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Battery Life, Energy, And Efficiency

Alienware's M17x: Mobility Radeon HD 5870 CrossFire Is A Go
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While we used a rather basic mid-priced desktop as a reference point for today’s top-performing notebooks, it’s clear that the notebooks have a big lead in portability. It’s also clear that nobody is going to carry around a huge PC, separate monitor, and enormous uninterruptable power supply in their backpack.

Thus, while any gaming notebook’s battery life is certainly less-than-spectacular by mobile standards, all three portables are stellar by desktop standards. Alienware has the biggest battery but, unfortunately, the slowest-charging circuit.

Alienware could have gone further, but a hidden setting in firmware prevented it from operating at anything less than 12% charge. Windows is set to initiate power savings at 7% and hibernate at 5%, but we simply stopped our tests at 7% on the other two units.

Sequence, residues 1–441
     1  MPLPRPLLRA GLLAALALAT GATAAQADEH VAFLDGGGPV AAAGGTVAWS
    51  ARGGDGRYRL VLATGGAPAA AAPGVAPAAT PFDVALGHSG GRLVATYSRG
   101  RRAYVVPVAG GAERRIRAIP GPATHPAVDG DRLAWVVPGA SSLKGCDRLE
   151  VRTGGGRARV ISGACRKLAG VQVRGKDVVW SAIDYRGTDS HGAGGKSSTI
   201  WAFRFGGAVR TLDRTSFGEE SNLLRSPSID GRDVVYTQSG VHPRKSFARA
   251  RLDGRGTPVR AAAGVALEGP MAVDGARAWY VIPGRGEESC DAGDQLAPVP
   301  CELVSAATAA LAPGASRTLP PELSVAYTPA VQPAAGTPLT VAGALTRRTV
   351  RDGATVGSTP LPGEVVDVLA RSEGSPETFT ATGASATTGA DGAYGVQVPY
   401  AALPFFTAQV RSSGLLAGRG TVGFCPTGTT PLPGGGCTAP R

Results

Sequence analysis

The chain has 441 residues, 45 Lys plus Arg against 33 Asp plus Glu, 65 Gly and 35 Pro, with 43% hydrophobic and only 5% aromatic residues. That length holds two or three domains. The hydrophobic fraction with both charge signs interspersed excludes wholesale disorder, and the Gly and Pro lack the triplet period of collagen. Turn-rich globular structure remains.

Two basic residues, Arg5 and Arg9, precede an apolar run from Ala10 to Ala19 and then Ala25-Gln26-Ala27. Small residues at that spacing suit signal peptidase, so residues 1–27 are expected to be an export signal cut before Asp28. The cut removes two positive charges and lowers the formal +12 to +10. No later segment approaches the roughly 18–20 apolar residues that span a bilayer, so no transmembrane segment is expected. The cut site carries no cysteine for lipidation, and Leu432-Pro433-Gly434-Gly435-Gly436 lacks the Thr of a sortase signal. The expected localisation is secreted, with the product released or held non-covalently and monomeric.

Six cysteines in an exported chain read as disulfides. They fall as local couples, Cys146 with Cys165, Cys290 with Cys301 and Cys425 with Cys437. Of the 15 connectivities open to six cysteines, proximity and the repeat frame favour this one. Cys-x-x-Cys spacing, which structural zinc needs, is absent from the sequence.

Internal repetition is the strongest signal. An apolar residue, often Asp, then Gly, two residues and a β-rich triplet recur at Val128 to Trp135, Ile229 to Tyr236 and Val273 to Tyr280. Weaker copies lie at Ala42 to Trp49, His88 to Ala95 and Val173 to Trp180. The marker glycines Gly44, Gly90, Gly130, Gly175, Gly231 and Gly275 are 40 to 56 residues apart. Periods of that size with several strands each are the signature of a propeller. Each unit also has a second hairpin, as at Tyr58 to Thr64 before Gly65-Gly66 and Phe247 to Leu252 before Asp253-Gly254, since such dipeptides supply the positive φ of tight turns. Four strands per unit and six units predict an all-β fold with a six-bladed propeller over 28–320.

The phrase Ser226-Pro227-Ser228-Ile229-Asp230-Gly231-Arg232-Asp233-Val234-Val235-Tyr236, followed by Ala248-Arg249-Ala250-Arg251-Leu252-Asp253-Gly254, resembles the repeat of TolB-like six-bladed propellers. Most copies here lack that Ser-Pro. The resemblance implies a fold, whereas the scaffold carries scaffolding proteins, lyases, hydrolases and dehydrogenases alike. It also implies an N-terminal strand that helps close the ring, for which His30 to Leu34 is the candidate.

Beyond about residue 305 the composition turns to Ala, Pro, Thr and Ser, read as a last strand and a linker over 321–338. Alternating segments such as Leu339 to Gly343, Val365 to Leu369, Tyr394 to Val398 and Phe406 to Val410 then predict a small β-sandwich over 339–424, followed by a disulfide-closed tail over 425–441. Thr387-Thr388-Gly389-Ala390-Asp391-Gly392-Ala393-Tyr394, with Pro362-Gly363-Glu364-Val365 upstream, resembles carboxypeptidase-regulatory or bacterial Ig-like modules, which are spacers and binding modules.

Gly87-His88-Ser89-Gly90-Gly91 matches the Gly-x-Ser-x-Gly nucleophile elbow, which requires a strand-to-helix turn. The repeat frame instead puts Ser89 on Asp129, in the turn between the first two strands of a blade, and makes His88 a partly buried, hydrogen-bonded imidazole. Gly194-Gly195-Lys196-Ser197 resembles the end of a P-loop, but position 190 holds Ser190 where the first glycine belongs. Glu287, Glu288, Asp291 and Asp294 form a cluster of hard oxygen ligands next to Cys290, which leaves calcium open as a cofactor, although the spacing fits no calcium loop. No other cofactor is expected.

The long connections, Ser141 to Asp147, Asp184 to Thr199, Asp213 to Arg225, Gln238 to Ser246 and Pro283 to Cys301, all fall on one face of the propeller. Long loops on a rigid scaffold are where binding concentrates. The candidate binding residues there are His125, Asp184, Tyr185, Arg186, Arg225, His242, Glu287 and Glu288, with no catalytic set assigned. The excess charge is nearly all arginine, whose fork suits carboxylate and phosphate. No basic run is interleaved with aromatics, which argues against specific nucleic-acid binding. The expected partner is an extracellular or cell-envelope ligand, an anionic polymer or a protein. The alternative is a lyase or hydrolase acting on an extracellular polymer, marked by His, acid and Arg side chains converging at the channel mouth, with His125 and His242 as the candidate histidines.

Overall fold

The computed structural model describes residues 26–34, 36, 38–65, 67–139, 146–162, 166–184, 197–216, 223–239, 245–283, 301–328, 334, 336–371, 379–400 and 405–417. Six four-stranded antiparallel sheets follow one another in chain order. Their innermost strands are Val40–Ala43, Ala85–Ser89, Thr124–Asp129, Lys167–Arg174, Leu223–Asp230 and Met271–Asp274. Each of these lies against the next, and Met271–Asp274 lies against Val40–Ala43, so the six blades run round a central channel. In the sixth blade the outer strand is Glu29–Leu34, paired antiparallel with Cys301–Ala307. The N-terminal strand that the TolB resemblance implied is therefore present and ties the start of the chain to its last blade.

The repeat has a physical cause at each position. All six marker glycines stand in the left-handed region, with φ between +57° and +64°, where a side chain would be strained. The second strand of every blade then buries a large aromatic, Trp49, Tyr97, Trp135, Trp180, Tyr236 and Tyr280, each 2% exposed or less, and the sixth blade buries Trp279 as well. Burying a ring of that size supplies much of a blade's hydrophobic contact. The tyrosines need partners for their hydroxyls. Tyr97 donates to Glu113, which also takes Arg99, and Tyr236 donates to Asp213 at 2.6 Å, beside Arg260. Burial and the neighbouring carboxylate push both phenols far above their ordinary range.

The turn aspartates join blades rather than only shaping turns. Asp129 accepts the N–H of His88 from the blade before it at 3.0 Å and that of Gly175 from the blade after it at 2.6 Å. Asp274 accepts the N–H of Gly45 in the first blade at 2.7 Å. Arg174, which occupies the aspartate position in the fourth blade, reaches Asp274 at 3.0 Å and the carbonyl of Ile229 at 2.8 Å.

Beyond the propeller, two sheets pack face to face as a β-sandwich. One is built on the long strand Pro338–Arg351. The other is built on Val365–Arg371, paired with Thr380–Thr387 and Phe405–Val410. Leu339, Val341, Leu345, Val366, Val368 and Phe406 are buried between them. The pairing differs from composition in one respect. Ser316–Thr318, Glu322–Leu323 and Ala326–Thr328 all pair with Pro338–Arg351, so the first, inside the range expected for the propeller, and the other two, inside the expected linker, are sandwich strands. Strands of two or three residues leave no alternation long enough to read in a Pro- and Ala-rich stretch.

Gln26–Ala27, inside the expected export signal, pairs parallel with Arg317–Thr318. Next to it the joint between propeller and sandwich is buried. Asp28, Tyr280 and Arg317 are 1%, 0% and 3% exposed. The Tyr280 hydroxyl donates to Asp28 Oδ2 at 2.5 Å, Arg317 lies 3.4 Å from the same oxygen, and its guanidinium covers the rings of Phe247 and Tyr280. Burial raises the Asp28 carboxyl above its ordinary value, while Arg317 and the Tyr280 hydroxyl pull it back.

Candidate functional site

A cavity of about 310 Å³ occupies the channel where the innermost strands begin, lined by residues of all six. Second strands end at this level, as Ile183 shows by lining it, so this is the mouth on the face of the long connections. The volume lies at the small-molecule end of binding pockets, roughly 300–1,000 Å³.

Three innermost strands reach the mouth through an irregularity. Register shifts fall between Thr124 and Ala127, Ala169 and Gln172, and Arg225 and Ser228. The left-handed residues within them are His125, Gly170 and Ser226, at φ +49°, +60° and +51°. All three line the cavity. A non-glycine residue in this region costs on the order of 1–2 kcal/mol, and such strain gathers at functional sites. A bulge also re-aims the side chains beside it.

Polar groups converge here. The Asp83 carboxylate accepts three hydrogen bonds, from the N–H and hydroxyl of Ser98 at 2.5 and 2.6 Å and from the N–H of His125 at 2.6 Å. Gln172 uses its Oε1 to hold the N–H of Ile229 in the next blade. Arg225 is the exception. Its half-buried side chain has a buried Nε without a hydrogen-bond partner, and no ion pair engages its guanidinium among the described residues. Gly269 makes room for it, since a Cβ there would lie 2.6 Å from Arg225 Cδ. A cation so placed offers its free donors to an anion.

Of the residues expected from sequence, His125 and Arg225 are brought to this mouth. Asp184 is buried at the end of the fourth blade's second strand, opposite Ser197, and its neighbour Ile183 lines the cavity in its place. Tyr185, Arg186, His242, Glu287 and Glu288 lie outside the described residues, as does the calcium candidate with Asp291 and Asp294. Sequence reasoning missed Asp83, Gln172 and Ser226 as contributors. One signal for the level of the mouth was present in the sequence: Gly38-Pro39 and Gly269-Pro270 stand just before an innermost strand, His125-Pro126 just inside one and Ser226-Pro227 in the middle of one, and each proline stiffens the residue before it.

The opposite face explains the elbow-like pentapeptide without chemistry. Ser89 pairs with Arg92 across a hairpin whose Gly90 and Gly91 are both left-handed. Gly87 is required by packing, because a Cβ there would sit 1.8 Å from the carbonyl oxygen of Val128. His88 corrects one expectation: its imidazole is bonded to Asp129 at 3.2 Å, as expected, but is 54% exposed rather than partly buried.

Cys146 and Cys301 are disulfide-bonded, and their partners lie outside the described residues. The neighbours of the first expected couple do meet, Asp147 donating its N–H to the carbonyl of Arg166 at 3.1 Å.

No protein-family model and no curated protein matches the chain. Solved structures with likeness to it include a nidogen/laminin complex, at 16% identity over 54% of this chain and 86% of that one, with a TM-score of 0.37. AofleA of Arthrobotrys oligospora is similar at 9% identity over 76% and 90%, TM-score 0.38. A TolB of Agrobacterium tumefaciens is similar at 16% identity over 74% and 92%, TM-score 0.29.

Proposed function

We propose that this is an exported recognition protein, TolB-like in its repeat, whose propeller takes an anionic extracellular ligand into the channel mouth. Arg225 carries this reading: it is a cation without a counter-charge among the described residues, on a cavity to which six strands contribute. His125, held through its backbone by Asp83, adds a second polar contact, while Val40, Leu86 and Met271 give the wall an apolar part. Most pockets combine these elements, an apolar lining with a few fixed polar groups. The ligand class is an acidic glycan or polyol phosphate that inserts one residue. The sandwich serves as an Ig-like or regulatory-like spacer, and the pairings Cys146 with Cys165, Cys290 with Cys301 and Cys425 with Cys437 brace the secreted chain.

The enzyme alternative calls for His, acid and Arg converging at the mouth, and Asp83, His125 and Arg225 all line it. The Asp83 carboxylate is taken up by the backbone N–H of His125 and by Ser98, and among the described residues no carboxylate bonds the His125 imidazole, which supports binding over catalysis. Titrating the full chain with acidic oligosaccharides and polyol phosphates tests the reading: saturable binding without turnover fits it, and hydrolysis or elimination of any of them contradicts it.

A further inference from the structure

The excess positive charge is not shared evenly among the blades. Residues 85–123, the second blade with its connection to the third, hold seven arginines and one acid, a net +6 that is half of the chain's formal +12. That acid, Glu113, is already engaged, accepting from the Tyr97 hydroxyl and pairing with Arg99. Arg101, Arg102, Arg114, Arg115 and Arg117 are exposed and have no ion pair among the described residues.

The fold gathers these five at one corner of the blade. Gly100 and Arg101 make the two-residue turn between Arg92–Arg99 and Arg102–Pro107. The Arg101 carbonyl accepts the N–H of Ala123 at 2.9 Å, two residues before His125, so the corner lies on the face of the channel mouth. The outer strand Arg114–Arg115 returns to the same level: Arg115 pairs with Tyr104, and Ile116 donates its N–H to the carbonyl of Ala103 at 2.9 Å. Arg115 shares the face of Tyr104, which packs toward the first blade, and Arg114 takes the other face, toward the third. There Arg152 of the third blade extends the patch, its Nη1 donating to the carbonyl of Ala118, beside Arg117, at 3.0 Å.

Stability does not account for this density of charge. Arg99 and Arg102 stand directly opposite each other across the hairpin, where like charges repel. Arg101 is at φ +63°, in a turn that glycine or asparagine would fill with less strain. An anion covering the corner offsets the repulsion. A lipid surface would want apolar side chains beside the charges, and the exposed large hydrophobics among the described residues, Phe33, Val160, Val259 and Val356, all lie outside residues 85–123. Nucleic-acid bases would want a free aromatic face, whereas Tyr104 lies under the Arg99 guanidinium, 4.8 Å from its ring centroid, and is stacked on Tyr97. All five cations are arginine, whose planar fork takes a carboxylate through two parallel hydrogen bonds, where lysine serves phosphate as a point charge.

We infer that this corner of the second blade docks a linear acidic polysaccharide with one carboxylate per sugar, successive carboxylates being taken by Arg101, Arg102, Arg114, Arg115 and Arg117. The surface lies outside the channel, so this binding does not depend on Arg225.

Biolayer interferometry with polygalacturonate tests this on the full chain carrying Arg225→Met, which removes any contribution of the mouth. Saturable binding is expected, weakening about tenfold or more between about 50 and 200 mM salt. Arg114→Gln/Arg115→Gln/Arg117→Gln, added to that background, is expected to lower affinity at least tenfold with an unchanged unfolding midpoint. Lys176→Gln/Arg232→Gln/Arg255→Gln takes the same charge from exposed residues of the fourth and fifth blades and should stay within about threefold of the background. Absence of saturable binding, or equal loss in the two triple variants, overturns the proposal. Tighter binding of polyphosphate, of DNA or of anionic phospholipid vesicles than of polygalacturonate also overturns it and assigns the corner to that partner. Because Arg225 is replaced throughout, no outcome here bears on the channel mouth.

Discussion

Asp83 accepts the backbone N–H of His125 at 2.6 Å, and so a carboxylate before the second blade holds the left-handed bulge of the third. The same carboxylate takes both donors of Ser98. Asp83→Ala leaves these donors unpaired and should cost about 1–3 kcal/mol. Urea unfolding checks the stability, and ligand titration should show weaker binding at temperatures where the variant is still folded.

And now for the weird part: the desktop’s single graphics card appears to consume less energy than the pair of low-wattage cards used in both notebooks. The reason we say "appears” is that there’s no way to measure exactly how much of the desktop’s additional energy is going to the platform that supports its card, and we can only guess that’s it’s more than the 18 W difference in “full GPU load” measurements.

Efficiency is a comparison of energy to work, and the M17x works nearly as well as the mid-level desktop. Eurocom’s X8100 Leopard is slightly behind, in spite of its higher-model processor and higher-numbered graphics driver.

An amazing parity of efficiency is found between AVADirect’s $3100 notebook and Eurocom’s $4100 version. Alienware leads slightly, while the desktop falls far behind.

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